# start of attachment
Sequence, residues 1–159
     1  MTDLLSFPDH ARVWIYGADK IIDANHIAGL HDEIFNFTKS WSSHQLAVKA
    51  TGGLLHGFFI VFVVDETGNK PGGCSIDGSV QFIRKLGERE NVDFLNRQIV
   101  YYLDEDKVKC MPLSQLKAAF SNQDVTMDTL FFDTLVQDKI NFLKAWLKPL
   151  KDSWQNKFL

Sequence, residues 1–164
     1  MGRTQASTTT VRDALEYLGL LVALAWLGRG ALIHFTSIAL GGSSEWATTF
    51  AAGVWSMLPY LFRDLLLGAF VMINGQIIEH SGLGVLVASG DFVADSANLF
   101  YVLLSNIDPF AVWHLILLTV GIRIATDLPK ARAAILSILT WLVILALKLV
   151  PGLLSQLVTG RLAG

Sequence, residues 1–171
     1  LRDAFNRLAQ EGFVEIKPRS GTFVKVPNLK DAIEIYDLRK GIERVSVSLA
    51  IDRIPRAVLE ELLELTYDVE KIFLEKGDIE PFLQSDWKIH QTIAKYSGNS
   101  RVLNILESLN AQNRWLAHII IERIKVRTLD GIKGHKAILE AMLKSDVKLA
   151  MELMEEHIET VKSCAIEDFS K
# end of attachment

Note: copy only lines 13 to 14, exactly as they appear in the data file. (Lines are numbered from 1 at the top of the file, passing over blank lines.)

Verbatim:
    51  IDRIPRAVLE ELLELTYDVE KIFLEKGDIE PFLQSDWKIH QTIAKYSGNS
   101  RVLNILESLN AQNRWLAHII IERIKVRTLD GIKGHKAILE AMLKSDVKLA